“The investigations and reports of the last ten years have consistently shown that there have been many personal failures and administrative mistakes but also institutional or ‘systemic’ failure,” the letter continued.
Pope Francis has not yet accepted Marx’s resignation, and the Archbishop has been told to remain in post until a decision is made, a statement from the Archdiocese in Munich said. The statement also noted that Marx has “repeatedly considered resigning from office in recent months.”
“It is painful for me to witness the severe damage to the bishops’ reputation in the ecclesiastical and secular perception which may even be at its lowest,” Marx said in the letter. “I feel that through remaining silent, neglecting to act and over-focusing on the reputation of the Church I have made myself personally guilty and responsible.”
The news comes amid a growing uproar among the German faithful over abuse. Last week, the Pope sent two senior foreign bishops to investigate the Archdiocese of Cologne, Germany’s largest, over its handling of abuse cases, Reuters reported.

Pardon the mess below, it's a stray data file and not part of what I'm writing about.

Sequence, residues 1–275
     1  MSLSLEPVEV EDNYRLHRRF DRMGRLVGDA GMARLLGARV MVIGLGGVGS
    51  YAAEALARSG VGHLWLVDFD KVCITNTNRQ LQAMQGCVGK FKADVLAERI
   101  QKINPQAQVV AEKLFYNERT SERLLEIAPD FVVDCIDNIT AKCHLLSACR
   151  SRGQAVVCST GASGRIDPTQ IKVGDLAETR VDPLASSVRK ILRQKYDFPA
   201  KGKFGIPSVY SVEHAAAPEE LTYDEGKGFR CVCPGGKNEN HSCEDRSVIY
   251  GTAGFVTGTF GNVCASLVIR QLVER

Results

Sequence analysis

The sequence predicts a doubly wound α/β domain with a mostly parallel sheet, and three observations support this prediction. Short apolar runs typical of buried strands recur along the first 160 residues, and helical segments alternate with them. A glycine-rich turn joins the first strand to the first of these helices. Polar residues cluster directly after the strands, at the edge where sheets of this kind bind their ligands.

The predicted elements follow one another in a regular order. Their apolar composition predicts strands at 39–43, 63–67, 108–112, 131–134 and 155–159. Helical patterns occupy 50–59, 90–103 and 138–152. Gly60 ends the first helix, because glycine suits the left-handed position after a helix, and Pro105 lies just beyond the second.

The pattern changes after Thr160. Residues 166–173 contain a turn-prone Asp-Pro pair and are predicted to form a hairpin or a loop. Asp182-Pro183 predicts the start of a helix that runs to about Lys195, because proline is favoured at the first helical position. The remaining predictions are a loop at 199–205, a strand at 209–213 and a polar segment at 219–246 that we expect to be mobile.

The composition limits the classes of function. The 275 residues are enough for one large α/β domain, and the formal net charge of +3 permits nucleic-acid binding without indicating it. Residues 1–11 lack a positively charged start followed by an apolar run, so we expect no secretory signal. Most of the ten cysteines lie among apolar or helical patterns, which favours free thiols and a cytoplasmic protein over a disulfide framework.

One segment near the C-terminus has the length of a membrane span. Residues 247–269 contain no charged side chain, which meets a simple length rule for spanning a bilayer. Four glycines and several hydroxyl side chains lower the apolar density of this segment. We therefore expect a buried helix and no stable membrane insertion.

At a Vatican summit in February 2019, Marx admitted that documents that could have contained proof of clergy sexual abuse in the Catholic Church were destroyed or never drawn up.
“Files that could have documented the terrible deeds and named those responsible were destroyed or not even created,” Marx said at the summit.
“The stipulated procedures and processes for the prosecution offenses were deliberately not complied with … such standard practices will make it clear that it is not transparency which damages the church, but rather the acts of abuse committed, the lack of transparency, or the ensuing coverup.”
At a later press conference during the summit, Marx said that the information about destroying files came from a study commissioned by German bishops in 2014. The study was “scientific” and did not name the particular church leaders or dioceses in Germany that destroyed the files.